Friday, 20 June 2014

That's that done.

I'm writing this from the shop PC having just got done sheathing the main bulkhead, i had a bit of a crisis when tabbing everything down on Wednesday as i went through ten roller heads, countless roller trays and a heap of other consumables too dull to mention.

As fast as i was knocking up, the resin was kicking, having traced the problem to poor ventilation  in the boat plus a scrotching hot day (well for the UK at least) i resigned myself to sanding the saloon side down as i had no time for peel ply.

I basically wasted a whole day yesterday sanding everything - even the side i peel plied! I gotta be honest i've never had much success with the stuff unless the workpiece is horizontally flat with access all round. I had the very same problem when laminating the keel to hull joint. I'd peel away the peel ply to reveal loads or crevices where it had lifted - the heads side of the bulkhead was no different so having spent yesterday in my CSI suit and gimp mask (quite a look) i proceeded to sweat like a pig not to mention itching and scratching all the way to the shower.

Still undaunted i got up early this morning knowing i had some fairly big areas to cover and not wanting to do all my consumables laying it up i thought a 7am start sufficient as the airs reasonably cool. I got the blowers going inside the boat and then proceeded to unfold my prize-winning origami onto the heads side of the main bulkhead. I was working at a pace that would make robots fear for their jobs as i thought in an hour or so the sun would come up and i'd be doing my circuit training bit of running up and down the ladders with fresh rollers and trays etc.

It wasn't to be although my arms were like jelly after the first piece of cloth, it was then i decided i'd be better served keeping the momentum going so elected to forego the peel ply and crack on with the saloon side. By now my confidence was high as was i, (i put it down to a lack of fluids - nothing illegal) and so for the final trick of the day i rushed a piece of cloth off the main roll in the shop, quickly templated it and whacked it on so i now have a totally sealed structural bulkhead.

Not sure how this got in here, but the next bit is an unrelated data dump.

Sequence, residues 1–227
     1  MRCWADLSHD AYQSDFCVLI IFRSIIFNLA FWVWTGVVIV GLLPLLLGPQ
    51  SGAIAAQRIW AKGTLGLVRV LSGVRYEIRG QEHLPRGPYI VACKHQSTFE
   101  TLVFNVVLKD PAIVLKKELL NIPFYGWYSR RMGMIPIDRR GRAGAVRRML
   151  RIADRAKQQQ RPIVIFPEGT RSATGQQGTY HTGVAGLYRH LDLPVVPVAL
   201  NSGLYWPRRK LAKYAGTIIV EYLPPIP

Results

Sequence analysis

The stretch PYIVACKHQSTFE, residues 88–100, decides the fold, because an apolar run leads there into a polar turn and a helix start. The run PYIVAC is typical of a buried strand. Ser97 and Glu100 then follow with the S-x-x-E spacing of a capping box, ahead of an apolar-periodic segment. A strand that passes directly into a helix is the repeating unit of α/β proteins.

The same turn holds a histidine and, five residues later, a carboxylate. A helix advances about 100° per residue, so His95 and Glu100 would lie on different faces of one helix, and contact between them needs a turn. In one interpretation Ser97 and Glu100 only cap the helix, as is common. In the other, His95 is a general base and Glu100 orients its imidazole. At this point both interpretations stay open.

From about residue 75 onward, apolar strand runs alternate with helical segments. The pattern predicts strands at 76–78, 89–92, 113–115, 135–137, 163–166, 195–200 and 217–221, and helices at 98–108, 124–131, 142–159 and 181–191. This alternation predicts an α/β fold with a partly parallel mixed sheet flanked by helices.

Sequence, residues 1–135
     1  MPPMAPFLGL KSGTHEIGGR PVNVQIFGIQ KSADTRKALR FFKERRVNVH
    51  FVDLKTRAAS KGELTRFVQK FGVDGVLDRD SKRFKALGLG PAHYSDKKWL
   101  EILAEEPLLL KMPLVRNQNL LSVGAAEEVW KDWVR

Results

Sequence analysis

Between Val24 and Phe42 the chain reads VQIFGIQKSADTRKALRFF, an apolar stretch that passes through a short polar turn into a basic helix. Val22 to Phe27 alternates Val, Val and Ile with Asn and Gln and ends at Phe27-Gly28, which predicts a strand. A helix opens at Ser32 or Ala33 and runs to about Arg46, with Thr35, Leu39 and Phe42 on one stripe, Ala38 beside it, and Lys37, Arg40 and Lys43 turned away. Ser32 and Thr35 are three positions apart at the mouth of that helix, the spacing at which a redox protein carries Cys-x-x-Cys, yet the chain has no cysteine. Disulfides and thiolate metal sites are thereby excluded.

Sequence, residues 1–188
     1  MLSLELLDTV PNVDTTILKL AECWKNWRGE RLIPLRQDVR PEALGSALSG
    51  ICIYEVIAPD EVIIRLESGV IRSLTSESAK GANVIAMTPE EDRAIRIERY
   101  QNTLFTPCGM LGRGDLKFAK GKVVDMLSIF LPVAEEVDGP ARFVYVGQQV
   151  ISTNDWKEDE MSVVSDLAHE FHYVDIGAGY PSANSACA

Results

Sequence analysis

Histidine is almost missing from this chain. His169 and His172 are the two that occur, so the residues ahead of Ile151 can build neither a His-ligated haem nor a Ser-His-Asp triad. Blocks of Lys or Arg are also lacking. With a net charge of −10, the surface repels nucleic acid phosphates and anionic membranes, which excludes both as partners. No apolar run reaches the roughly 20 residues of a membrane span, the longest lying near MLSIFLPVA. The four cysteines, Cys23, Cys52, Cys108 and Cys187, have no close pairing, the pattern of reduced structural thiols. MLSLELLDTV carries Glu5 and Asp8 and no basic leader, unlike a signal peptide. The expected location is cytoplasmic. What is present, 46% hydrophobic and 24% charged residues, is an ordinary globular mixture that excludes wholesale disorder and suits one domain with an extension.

What i've learnt these past few days is that if i ever do something like this again (and i probably wont in all honesty) i will be using/importing a non blushing epoxy like Mas or System Three from the States. It seems to me West's really is only practical on new-build using vacuum pressure and a lot of bodies. 
For the sort of work i'm doing where i'm limited in personnel and equipment (although i do use vacuum pressure for veneering and the odd bit here) its just too much effort plus the wasted time having to wash, wipe & sand regardless of whether i've used peel ply or not.

As the saying goes; you live and you learn................................

2 comments:

Derek said...

It looks good Roger. You really do get a good feeling when a major piece comes together like this. I know getting the bulkheads into Rhumlady made such a difference to the way I felt about the project. I know we have to do all the little bits that don't show up as much but it is good to see things moving on. Keep at it and you will get her back in the water.

Roger Ball said...

Cheers Derek, just doing battle with the floor at the moment, i'm almost there, gonna fill the bilge voids with styrofoam bedded on thickened epoxy.When i'm ready to nail the floorboards down i'm gonna drench the back side of each with cabosil'd epoxy then screw down et volia a sealed bilge.

You're dead right definately feel like the boats coming together now - only took a few years!